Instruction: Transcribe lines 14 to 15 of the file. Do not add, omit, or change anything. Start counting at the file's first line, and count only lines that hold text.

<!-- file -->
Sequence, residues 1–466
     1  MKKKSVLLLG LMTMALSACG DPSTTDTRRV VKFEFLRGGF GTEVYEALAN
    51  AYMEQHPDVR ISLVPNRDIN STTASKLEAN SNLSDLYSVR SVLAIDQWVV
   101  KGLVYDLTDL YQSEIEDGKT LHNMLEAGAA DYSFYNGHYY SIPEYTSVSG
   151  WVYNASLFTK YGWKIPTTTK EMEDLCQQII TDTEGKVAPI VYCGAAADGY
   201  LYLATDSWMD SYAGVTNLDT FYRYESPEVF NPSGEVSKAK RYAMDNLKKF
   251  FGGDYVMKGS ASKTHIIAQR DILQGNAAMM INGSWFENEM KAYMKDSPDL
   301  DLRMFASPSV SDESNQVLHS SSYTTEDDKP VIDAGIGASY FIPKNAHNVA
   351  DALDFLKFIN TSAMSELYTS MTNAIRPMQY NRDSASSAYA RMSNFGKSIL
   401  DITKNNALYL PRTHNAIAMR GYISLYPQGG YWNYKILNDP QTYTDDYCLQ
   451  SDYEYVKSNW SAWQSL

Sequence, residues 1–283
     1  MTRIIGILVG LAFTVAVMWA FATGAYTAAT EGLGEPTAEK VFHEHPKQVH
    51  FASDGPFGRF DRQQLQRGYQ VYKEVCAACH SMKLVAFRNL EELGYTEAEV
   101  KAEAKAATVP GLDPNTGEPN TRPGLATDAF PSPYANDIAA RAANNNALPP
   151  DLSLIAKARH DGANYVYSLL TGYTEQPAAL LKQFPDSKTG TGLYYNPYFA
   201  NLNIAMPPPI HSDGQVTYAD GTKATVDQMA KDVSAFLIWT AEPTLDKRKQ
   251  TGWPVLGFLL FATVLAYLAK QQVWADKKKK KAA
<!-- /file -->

    51  FASDGPFGRF DRQQLQRGYQ VYKEVCAACH SMKLVAFRNL EELGYTEAEV
   101  KAEAKAATVP GLDPNTGEPN TRPGLATDAF PSPYANDIAA RAANNNALPP